Former President Donald Trump’s far-right agenda keeps running into the pesky problem of free and fair elections.
Nearly two years after being impeached for inciting an insurrection at the U.S. Capitol to stop the certification of his re-election loss, Trump on Monday called for former GOP gubernatorial candidate Kari Lake to “be installed” as the state’s governor, despite the fact that she lost to Democratic Gov.-elect Katie Hobbs by more than 17,000 votes.
“Massive numbers of “BROKEN” voting machines in Republican Districts on Election Day. Mechanics sent in to “FIX” them made them worse. Kari had to be taken to a Democrat area, which was working perfectly, to vote,” Trump posted on Truth Social early Monday. “Her opponent ran the Election. This is yet another criminal voting operation - SO OBVIOUS.”
“Kari Lake should be installed Governor of Arizona,” Trump added.
Lake, Trump, and other Republicans have falsely claimed that Arizona’s election was rigged and that GOP voters were disenfranchised due to printer issues and long lines in Maricopa County, which affected both Democratic and GOP-leaning areas of the state’s largest county.
“Maricopa County just couldn’t wait to certify their botched election,” Lake said in a video to supporters Monday. Lake filed a public records lawsuit against Maricopa County officials last week, citing “instances of misprinted ballots, the commingling of counted and uncounted ballots, and long lines discouraging people from voting.”
“Arizona, America: If we do not stand up and speak up right now about the most dishonest election in the history of Arizona, I truly fear for our future,” Lake said in the Monday video.
Most Arizona counties, including Maricopa, voted to certify their election results by the legally mandated Nov. 28 deadline. Maricopa’s Board of Supervisors is controlled by Republicans, and Maricopa County Recorder Stephen Richer is also a Republican.
Officials in the GOP stronghold of Cochise County voted to delay certification Monday—even though there was no question about the results there—due to a dubious claim that the voting machines used in Arizona aren’t properly certified and thus the election is invalid.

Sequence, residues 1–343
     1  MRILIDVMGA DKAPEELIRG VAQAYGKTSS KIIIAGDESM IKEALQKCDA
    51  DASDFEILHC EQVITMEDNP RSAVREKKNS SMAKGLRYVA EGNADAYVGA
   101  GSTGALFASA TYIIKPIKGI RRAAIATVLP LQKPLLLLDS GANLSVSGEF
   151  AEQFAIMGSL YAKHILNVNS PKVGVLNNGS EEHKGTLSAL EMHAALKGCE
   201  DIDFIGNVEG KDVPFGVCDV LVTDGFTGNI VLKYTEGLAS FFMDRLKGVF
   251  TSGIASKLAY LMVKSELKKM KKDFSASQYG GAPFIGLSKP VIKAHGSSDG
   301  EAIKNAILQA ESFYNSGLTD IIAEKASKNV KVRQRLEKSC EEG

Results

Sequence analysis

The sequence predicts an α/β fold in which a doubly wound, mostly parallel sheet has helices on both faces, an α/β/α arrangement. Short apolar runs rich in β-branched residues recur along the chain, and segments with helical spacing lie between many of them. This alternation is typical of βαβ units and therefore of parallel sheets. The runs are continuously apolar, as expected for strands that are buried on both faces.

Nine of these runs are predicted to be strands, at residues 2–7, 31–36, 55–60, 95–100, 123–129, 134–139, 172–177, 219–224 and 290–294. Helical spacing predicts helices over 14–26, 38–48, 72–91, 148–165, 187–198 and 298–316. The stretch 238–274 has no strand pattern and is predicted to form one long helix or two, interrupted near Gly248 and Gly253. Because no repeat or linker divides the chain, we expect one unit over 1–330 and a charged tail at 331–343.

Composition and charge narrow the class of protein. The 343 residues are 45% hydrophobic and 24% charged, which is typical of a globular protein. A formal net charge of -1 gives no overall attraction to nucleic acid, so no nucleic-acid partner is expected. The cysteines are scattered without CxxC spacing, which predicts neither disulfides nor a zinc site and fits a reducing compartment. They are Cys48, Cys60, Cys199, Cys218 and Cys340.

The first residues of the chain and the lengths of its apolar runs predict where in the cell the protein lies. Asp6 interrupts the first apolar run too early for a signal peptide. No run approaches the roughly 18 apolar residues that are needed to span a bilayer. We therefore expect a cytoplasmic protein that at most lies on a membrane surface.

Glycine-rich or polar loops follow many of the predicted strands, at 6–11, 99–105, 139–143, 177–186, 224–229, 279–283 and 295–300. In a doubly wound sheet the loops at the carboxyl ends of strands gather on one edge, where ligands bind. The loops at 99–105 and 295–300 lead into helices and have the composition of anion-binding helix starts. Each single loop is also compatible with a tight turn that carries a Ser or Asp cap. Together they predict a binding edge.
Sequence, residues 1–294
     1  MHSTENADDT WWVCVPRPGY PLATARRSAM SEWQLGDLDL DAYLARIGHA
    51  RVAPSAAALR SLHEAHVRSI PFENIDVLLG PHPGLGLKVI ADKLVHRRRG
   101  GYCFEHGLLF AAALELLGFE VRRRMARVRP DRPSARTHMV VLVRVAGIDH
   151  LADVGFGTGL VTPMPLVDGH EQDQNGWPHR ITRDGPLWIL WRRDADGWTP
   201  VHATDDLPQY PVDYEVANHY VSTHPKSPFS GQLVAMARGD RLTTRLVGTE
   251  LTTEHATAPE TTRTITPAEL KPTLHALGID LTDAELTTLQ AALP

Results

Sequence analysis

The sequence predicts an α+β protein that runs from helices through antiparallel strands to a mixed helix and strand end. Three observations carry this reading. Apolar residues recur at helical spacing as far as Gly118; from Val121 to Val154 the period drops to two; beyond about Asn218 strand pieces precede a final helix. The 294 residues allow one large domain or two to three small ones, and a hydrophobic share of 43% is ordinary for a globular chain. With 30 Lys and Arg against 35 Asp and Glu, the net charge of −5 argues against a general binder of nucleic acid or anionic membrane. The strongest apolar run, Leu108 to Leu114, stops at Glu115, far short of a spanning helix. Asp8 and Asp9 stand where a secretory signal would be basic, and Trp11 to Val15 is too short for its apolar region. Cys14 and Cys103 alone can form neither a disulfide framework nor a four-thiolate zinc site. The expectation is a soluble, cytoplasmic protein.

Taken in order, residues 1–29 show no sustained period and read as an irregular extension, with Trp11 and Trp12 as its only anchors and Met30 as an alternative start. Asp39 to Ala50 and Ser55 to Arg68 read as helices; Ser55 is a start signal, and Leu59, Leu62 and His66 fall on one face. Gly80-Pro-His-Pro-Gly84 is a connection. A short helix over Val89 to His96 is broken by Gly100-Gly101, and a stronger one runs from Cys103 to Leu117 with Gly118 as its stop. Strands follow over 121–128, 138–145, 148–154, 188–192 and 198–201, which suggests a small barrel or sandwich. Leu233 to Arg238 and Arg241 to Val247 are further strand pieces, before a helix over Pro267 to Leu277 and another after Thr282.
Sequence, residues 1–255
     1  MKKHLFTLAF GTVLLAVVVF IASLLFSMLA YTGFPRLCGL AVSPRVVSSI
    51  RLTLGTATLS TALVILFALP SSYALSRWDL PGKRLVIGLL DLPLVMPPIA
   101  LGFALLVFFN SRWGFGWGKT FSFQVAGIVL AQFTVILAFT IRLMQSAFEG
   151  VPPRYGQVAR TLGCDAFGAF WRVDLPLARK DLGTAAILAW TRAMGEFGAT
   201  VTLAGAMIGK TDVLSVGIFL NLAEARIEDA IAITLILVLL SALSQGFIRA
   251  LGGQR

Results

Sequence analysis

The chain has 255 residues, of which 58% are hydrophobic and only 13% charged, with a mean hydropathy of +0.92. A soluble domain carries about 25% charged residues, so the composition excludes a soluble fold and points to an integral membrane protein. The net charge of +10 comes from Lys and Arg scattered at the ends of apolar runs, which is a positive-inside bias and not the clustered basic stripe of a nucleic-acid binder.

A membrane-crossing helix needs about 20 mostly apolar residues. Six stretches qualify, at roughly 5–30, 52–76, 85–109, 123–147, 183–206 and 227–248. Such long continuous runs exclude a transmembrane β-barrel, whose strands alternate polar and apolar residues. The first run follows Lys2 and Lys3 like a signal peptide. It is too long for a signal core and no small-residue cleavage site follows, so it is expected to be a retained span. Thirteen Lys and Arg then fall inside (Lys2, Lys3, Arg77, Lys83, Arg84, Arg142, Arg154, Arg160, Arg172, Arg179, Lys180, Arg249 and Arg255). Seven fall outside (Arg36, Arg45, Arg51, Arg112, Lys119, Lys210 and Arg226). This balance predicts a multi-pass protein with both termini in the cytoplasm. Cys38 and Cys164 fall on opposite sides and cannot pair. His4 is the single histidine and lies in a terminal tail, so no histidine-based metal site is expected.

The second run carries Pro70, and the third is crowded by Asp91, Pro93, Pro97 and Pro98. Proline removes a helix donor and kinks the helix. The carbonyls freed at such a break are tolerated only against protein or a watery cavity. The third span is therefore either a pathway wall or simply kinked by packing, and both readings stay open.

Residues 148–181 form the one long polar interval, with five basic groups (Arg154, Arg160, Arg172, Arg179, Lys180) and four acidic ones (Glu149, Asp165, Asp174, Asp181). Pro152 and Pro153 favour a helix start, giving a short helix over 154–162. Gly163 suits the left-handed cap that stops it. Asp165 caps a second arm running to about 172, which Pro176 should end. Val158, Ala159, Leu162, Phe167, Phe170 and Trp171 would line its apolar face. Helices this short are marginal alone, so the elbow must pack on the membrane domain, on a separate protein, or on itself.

One Republican Cochise County supervisor who voted to delay certification, Peggy Judd, admitted to the New York Times that the delay was meant as a protest against Maricopa County, saying the voting machine claim is “the only thing we have to stand on.”
“Our small counties, we’re just sick and tired of getting kicked around and not being respected,” Judd told the Times.
Arizona governors are elected by statewide popular vote, not an electoral college system or the preference of local officials in “small counties.”
Hobbs’ office filed a lawsuit against Cochise County Monday after supervisors refused to certify the results. Hobbs’ office said in the complaint that the supervisors’ “inaction not only violates the plain language of the statute, but also undermines a basic tenet of free and fair elections in this state: ensuring that every Arizonan’s voice is heard.”
In Republican-leaning Mohave County, which delayed certification last week, county officials certified their results Monday, though two reportedly claimed they were doing so “under duress.”
Republicans have also charged that Hobbs rigged her own election as the Secretary of State. But there’s no evidence of this being the case, and it’s not unusual for candidates to run for governor while serving as their state’s top election official; Georgia Gov. Brian Kemp was first elected in 2018 while serving as his state’s Secretary of State, while Trump ally Kris Kobach lost the 2018 Kansas gubernatorial election while serving as Secretary of State.
While Lake has yet to concede the election, GOP Gov. Doug Ducey has acknowledged that Hobbs won, and Hobbs is preparing to take office in January. Hobbs tweeted last week that she’d met with Ducey at the governor’s office “to discuss the peaceful transfer of leadership in Arizona.”
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